A libertarian inclined blog for teachers and learners of all ages. Comments, emails and links to other educational stuff welcome.

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Next entry: The Stockholm Network on choice and competition in schools
Previous entry: Why no transfer fees?
Wednesday April 02 2008

I don’t know who Graham Jones Internet Psychlogist is, but Iain Dale seems to rate him, probably because he is taking a swipe at Ed Balls:

Ed Balls, the Secretary of State for Education in the UK, wants “cyberbullying” of teachers to be a disciplinary offence. Apparently, school pupils sometimes ridicule their teachers in online chat rooms and on social networking sites. Well knock me down with a feather, there’s a shock.

Look, Mr Balls, children have always taken the mickey out of their teachers - and politicians. But there is a common theme. I remember my Latin teacher, Mr Beattie or “Bogroll” as we called him. He was a nice enough chap, but wholly unable to cope with 30 teenage boys. No doubt he knew his Latin well, but he couldn’t teach. We mercilessly took the rise.

Sure, it’s unfair; certainly it’s rude; and perhaps you could call it bullying. But it’s a fact of life for bad teachers. There’s the common link - pupils do not take the mickey out of good teachers. They like them and they would defend them against criticism. Poor teachers, on the other hand - like poor politicians - get ridiculed.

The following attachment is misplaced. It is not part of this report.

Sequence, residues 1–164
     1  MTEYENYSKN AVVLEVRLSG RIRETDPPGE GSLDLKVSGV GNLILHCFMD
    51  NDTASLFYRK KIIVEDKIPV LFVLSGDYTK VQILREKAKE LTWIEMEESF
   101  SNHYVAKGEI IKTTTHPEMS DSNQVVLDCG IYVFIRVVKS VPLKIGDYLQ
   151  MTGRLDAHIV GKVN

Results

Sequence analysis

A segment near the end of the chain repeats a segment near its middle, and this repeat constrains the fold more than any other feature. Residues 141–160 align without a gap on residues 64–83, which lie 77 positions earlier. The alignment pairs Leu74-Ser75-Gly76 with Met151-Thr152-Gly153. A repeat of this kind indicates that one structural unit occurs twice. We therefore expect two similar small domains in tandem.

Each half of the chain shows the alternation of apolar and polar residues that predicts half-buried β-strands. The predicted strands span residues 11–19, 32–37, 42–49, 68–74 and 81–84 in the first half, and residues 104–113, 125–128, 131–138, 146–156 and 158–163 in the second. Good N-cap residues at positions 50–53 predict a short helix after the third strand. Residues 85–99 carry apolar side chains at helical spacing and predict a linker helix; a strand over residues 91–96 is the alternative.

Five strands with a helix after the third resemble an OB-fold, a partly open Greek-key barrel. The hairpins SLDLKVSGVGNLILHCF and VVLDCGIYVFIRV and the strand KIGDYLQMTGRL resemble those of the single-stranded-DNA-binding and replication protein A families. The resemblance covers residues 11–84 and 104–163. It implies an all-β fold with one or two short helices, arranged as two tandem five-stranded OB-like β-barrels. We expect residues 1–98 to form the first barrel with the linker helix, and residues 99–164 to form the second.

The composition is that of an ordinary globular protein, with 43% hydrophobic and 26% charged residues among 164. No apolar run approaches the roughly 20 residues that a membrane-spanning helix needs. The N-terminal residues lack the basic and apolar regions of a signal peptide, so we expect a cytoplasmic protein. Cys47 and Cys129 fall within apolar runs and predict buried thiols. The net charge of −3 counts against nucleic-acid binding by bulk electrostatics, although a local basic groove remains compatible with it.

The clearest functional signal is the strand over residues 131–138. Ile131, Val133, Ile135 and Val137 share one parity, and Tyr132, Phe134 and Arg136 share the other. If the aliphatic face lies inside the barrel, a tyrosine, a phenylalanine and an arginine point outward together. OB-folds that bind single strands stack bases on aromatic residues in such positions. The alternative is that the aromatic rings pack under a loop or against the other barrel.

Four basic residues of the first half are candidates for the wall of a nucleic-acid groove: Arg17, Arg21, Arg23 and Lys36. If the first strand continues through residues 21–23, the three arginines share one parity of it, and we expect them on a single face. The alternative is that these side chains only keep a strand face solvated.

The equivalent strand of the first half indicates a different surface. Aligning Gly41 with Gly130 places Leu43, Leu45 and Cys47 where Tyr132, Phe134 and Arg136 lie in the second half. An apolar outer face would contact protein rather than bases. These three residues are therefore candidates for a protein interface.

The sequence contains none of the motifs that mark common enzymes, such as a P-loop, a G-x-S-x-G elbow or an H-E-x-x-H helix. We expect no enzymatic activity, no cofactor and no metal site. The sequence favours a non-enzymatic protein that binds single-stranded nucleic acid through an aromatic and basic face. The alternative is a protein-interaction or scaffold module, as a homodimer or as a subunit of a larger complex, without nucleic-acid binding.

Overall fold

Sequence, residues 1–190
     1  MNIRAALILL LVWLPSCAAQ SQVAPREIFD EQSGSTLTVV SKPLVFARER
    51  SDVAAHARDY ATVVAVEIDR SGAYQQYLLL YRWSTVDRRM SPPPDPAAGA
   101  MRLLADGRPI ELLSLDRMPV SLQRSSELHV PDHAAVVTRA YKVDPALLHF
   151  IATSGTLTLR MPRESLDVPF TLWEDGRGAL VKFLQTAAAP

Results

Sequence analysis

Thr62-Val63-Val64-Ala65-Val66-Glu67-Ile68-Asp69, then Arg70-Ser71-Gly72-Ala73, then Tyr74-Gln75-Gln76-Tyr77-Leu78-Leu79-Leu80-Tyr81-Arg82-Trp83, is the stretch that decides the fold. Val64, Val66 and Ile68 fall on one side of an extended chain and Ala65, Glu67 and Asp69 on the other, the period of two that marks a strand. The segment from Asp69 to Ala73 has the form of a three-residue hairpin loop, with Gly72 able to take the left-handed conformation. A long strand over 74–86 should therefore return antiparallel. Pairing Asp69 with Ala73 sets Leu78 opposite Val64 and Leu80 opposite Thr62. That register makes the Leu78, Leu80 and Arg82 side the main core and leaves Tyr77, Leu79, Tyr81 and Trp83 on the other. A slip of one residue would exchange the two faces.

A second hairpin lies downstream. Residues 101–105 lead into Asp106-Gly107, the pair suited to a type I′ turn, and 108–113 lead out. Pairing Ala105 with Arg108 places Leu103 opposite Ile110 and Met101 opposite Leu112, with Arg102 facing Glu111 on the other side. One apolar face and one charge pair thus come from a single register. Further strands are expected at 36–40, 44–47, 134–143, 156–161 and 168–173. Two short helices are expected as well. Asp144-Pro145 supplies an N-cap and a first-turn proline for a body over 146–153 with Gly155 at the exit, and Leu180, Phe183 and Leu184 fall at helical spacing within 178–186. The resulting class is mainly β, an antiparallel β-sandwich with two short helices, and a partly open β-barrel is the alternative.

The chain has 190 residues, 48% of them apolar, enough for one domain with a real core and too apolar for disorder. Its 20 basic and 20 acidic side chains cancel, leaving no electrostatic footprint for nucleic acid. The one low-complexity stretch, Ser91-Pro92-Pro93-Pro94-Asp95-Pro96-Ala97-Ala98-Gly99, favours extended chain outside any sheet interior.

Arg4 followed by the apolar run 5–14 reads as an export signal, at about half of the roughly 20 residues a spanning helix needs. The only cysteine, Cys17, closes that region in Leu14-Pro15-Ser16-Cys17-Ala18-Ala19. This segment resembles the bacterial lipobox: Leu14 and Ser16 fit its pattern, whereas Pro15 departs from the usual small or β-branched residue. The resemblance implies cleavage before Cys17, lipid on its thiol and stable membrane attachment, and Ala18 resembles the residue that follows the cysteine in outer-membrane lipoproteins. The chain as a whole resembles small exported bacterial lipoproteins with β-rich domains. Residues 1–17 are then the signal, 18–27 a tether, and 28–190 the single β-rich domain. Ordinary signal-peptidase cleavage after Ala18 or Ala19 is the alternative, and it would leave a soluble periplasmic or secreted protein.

I may be jumping to conclusions, but I suspect this guy went to a basically good school with the occasional bad teacher, but that he has far less idea of what it is like in a less than good school.

I certainly agree that micromanaging the unwelcome symptoms of a system is not the way to improve it.  But my understanding is that teaching has got a whole lot more difficult in recent years.  People who couldn’t make the grade as Latin teachers in the kind of schools that teach Latin are indeed probably not cut out for such a job.  But damning all teachers who now have their lives made hell by those whom they are now trying to teach?  That’s not something I’d care to do.